We found this super helpful site called The Circuit Detective and after a little research, Alex was able to determine that the problem was a tripped GFCI outlet due to circuit overload. Who knew that running a sawzall through a kitchen outlet would be a bad idea? Turns out that when a circuit runs with a heavy load for too long the GFCI will trip because it can't determine if the power surge is being caused by a short or water hazard. It's a great safety feature, but it put three power outlets, two recessed lights and a dishwasher out of order (when the dishwasher is down in our house, it becomes top priority to get it fixed!)
NOTE: Even though the outlets weren't working, they were still hot! After Alex got a few good jolts and a tingle coursing through his hand and arm, we decided it was time to kill the power......I'd suggest you do the same if you tackle any electrical work.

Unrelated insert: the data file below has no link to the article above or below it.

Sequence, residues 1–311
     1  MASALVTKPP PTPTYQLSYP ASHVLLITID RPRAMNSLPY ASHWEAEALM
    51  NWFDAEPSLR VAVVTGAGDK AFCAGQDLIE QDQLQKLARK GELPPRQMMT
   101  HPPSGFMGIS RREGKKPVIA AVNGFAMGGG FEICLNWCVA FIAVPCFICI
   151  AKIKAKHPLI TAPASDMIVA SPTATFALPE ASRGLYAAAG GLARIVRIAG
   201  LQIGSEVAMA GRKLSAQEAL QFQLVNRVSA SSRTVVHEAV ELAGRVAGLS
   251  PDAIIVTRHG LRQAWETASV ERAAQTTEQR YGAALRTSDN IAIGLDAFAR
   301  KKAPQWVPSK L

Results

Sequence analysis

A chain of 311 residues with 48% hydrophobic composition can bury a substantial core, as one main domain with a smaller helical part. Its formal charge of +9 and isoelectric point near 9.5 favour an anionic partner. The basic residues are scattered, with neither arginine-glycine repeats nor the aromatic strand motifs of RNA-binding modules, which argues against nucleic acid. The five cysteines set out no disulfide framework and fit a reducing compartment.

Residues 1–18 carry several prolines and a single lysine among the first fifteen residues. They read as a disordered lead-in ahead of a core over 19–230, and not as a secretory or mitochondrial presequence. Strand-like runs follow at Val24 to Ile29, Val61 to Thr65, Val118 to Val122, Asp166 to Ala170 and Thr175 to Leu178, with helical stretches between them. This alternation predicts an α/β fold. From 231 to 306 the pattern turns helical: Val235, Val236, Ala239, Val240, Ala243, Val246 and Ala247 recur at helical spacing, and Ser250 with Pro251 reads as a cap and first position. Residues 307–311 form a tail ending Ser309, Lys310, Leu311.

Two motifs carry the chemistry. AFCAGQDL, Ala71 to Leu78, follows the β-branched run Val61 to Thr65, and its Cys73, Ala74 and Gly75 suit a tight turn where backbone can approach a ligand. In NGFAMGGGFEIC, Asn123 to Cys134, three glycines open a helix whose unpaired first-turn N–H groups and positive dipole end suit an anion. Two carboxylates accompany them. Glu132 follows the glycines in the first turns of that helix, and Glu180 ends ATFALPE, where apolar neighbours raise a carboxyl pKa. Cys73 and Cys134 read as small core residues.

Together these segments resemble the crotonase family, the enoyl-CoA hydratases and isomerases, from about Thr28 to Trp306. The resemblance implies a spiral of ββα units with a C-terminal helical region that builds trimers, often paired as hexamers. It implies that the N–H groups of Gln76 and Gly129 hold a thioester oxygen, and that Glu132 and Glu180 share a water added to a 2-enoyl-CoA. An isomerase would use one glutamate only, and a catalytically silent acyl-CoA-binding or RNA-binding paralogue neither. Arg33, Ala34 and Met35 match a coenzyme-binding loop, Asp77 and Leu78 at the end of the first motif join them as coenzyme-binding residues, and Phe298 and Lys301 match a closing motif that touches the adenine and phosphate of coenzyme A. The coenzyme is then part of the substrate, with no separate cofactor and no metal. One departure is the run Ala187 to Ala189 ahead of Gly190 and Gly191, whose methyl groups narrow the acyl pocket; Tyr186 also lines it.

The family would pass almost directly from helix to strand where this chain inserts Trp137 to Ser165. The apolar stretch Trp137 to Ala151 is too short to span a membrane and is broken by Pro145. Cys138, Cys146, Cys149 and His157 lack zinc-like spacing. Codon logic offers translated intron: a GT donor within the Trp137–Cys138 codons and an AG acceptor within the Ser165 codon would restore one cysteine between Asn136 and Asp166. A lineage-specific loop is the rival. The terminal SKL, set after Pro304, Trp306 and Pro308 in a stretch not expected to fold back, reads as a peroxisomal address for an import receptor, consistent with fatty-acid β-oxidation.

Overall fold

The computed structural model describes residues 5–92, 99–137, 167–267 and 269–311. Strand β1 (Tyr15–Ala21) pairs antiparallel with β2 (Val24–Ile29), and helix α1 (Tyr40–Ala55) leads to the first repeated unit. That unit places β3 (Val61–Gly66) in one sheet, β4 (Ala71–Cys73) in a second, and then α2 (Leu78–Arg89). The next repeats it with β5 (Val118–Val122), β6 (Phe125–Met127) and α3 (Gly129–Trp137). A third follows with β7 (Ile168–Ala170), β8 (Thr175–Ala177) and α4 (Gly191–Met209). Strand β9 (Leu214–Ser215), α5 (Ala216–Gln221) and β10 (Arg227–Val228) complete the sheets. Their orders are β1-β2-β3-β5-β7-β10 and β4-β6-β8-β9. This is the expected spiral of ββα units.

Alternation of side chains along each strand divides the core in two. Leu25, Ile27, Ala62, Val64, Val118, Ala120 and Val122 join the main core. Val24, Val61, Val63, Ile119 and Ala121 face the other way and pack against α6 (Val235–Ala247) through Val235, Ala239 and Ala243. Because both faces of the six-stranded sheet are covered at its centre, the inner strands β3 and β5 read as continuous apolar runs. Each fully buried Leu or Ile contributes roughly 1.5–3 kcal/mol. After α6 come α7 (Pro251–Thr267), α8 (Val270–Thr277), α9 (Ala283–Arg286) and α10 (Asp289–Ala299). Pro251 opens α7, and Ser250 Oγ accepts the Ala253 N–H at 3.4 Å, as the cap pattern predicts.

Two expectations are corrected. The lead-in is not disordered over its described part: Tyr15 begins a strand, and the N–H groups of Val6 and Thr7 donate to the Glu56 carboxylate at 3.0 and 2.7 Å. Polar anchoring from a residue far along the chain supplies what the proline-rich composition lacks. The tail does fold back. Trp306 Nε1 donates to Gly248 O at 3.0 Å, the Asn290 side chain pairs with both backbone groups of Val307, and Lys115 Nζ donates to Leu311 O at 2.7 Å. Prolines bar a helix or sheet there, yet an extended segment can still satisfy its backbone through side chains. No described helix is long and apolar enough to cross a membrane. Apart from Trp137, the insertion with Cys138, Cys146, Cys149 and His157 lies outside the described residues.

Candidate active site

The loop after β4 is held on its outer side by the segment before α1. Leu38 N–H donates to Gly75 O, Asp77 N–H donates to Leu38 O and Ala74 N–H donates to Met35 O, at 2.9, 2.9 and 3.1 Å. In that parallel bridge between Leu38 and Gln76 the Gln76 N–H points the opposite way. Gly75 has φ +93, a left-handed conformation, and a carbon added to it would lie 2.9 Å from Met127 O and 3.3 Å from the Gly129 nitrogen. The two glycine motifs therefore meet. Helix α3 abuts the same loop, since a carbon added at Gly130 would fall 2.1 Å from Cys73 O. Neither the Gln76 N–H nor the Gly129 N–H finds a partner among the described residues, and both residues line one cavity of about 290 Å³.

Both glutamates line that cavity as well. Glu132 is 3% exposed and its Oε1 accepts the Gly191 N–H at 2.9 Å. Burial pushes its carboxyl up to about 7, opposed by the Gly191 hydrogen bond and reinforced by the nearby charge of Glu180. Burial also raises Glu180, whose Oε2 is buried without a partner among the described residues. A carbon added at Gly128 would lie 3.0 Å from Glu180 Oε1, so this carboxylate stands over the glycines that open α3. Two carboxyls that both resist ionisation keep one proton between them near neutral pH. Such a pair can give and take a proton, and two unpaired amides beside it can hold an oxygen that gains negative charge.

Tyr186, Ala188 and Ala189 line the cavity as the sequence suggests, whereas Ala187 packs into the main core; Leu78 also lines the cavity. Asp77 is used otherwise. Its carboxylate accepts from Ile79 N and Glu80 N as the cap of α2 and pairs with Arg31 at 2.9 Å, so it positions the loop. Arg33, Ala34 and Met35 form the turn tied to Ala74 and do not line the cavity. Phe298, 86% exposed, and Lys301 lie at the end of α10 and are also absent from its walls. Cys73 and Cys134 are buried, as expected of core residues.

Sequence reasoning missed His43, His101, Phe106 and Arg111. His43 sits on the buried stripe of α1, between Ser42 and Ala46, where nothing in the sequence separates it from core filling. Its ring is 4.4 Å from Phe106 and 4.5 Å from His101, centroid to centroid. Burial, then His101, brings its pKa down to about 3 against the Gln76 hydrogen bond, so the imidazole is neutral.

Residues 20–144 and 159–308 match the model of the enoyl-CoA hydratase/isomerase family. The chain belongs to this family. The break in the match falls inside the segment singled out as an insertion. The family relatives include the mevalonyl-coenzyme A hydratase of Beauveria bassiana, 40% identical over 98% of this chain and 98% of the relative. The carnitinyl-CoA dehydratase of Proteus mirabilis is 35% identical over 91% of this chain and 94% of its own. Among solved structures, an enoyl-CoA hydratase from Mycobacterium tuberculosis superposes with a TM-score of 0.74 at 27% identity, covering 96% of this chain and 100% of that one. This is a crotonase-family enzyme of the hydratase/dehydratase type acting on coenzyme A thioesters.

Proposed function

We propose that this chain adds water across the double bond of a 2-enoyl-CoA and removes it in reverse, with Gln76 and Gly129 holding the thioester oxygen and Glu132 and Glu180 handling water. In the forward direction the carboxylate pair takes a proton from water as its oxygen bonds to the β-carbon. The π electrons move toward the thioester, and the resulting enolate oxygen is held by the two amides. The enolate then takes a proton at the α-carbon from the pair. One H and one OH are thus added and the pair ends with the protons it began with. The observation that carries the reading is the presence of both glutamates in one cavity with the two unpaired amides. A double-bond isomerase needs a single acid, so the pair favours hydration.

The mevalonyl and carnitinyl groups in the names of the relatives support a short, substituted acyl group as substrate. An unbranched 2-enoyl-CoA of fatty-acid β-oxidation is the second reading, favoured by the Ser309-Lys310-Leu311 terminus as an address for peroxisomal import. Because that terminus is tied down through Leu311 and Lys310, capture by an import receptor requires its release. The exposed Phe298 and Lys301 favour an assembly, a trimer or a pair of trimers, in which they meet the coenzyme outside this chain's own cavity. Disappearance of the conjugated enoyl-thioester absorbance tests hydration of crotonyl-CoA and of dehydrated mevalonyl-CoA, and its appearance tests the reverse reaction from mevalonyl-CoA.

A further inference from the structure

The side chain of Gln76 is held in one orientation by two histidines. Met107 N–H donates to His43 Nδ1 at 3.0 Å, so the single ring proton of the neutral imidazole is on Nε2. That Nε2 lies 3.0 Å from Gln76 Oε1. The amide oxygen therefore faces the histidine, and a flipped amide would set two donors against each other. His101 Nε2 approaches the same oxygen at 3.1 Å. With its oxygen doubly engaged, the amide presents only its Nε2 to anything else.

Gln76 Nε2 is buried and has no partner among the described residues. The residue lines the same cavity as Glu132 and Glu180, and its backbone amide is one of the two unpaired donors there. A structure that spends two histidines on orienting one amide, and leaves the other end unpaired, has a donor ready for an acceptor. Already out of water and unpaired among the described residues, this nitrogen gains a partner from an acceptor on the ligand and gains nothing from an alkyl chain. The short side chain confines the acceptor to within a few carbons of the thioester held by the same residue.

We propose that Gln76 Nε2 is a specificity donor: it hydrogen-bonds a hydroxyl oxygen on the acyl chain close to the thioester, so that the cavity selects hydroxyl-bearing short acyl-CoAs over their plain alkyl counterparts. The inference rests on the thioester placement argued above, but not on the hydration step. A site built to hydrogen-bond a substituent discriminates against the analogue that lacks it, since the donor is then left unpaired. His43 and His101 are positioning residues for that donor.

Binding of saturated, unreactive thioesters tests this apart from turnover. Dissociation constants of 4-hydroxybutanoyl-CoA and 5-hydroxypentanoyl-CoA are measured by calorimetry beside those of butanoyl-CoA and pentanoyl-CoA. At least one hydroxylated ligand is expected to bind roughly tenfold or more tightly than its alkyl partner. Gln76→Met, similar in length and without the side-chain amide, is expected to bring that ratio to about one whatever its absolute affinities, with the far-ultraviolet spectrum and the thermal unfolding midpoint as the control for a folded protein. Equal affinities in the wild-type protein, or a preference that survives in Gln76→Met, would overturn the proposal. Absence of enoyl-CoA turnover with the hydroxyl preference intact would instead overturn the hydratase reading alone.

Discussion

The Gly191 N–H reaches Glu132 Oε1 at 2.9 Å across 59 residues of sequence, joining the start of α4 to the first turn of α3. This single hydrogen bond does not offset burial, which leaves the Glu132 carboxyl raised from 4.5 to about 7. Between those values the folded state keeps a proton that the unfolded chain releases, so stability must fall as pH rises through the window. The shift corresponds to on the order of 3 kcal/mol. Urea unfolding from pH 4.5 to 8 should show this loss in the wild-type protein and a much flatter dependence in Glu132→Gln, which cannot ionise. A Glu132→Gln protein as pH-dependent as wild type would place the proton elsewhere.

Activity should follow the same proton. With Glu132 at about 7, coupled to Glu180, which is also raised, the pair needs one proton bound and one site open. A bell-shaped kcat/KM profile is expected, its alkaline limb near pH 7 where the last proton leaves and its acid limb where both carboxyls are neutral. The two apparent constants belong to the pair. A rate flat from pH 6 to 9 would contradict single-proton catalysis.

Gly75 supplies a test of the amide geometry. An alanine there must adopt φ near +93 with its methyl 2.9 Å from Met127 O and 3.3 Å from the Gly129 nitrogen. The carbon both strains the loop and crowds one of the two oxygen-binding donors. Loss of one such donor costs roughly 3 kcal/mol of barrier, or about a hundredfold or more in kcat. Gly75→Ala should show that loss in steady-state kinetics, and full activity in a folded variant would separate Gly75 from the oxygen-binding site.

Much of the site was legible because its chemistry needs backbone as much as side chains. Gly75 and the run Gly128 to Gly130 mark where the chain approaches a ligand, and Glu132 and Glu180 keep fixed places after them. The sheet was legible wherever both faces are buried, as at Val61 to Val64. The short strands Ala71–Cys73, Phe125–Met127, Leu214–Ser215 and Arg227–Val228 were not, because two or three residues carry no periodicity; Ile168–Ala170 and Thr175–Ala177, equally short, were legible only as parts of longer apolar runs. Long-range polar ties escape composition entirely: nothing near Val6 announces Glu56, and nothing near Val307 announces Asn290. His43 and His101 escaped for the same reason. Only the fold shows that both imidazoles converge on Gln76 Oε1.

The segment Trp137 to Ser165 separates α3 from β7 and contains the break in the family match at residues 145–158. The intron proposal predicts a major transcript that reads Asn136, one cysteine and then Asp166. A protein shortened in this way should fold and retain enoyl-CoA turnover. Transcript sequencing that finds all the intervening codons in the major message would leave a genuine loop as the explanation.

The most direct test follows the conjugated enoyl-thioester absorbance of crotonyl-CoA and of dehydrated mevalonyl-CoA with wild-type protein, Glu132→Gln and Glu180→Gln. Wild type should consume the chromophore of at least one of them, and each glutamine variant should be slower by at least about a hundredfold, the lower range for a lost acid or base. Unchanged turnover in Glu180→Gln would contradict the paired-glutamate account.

Alex removed the faceplate and exposed the wires. He paid close attention to the schematics of the wiring and carefully removed the old tripped outlet
He made sure to check all of the load connections that will be running from the new GFCI and made any necessary connection improvements (a few were loose).
With the connections re-established he was then ready to wire in the new outlet
Once the wires were properly attached and the power restored, the tell-tale light in the corner let us know that the system/GFCI was installed correctly and once again protecting our kithen outlets.
Once the power got started again, Alex moved on to fixing the dishwasher. We had to pull out the dishwasher to disconnect the power when Alex fixed the electricity. While pulling it out, the water supply line kinked near one of the fittings which resulted in a leak (of course). So then we had to get a new one and install it. Good times.